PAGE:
The idea behind hybrid bridges is that you get the best of both worlds. A combination of the stability and sustain of a fixed bridge with the pitch bending of a tremolo or vibrato system.
The downsides? Because there’s always a catch. Sadly they can be more complex to set up and maintain than traditional bridges.
A good example of a hybrid bridge is the Gibson SG Standard which has a tune-o-matic bridge and a Maestro Vibrola tremolo system.
Installing and Maintaining Bridges
Each type of bridge has different requirements for both installing and maintaining it. If you’re a beginner then it can be daunting to try and install your own bridge or do a proper setup of it.
Thankfully with a little bit of know-how it’s very possible to do it yourself. But how much work is involved might be a factor in deciding if a certain type of bridge is the right one for you.
Here’s a few tips for installing and maintaining different types of bridges:
- Fixed bridges: a fixed bridge is relatively easy to install and maintain. You just have to make sure the bridge is properly aligned with the strings and the intonation is set correctly. Apart from that check the bridge and saddle periodically for signs of wear or corrosion.
- Tremolo bridges: frankly they’re a hassle. Far more complex to set up and maintain than fixed bridges. You have to ensure the bridge is properly balanced and the string tension is set correctly, which isn’t easy. On going maintenance means the tremolo arm and springs need proper tension and the bridge saddles should be lubricated on a semi-regular basis.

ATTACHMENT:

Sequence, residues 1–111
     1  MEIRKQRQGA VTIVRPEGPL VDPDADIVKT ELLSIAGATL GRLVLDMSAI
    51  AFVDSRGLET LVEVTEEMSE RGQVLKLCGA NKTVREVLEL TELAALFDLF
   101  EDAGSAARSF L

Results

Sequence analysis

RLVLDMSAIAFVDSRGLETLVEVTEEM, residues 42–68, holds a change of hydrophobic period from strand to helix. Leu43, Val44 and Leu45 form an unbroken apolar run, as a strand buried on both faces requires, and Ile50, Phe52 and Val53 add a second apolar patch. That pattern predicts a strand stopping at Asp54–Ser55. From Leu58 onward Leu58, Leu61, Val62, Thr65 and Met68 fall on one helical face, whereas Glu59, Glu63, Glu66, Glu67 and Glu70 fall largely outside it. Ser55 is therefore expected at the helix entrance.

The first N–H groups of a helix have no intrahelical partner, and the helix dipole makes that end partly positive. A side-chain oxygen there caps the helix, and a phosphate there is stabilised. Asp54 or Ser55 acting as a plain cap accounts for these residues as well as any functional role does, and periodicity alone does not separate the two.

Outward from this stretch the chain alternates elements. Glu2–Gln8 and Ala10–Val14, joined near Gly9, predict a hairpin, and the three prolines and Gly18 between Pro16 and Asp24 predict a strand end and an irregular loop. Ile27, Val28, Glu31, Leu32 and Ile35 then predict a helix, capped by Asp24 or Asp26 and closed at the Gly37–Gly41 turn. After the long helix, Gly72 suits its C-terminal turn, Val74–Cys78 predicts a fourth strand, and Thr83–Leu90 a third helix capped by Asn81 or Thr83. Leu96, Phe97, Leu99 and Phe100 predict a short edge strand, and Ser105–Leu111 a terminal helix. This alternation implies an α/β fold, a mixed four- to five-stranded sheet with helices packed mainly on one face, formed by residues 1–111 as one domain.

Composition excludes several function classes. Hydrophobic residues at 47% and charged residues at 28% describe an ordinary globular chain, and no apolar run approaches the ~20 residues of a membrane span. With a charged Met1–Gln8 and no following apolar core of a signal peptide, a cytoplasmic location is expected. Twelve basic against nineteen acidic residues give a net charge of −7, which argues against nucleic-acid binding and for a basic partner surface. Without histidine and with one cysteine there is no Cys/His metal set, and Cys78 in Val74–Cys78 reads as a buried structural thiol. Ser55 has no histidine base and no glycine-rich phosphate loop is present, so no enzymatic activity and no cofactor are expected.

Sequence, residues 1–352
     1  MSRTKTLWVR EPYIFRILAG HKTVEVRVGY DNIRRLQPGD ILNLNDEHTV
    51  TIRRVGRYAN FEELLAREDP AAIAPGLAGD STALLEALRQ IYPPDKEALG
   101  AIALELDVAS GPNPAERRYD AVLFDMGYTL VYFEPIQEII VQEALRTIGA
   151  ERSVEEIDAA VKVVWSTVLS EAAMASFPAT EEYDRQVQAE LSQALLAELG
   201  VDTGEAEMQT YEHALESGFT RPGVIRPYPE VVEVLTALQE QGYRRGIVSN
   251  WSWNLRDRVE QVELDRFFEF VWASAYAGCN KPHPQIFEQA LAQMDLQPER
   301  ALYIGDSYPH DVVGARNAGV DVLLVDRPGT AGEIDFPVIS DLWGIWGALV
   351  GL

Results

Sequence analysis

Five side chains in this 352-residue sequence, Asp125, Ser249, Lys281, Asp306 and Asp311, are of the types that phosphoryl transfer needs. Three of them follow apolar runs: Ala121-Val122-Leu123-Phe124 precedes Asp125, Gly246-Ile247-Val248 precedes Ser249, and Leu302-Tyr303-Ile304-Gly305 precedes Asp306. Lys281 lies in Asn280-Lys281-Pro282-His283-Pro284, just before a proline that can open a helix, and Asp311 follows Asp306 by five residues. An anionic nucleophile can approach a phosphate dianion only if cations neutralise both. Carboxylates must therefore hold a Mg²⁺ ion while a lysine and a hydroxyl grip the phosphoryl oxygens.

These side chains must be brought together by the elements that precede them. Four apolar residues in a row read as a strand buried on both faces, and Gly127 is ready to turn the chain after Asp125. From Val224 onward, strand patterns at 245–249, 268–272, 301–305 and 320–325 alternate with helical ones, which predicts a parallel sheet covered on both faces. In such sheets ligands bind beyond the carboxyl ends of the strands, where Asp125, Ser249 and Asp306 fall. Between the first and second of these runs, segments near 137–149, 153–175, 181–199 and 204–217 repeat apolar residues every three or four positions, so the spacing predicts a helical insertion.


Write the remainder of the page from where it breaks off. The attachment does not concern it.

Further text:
- Tune-O-Matic bridges: even though my main guitar is a Telecaster I do like Tune-O-Matic bridges a lot. They feel just as simple to use as a fixed bridge to me. And in terms of installation and maintenance they’re basically the same. Keep them free of corrosion and they should last you a long time without any problems.
Modifying guitars is really common. And the bridge is one area that often gets changed or upgraded.
Some popular modifications include:
- Upgrading the bridge material: Swapping out a stock bridge for one made from higher quality material can improve the guitar’s sustain and tone.
- Adding a vibrato system: a lot of guitarists like to experiment with installing a tremolo just to see how it feels or sounds.
- Adjusting the string spacing: if you have smaller hands or play a certain way then changing the space between the strings can make things more comfortable. Different bridges will have wider or narrower spacing so it can be interesting to switch yours out and try another one.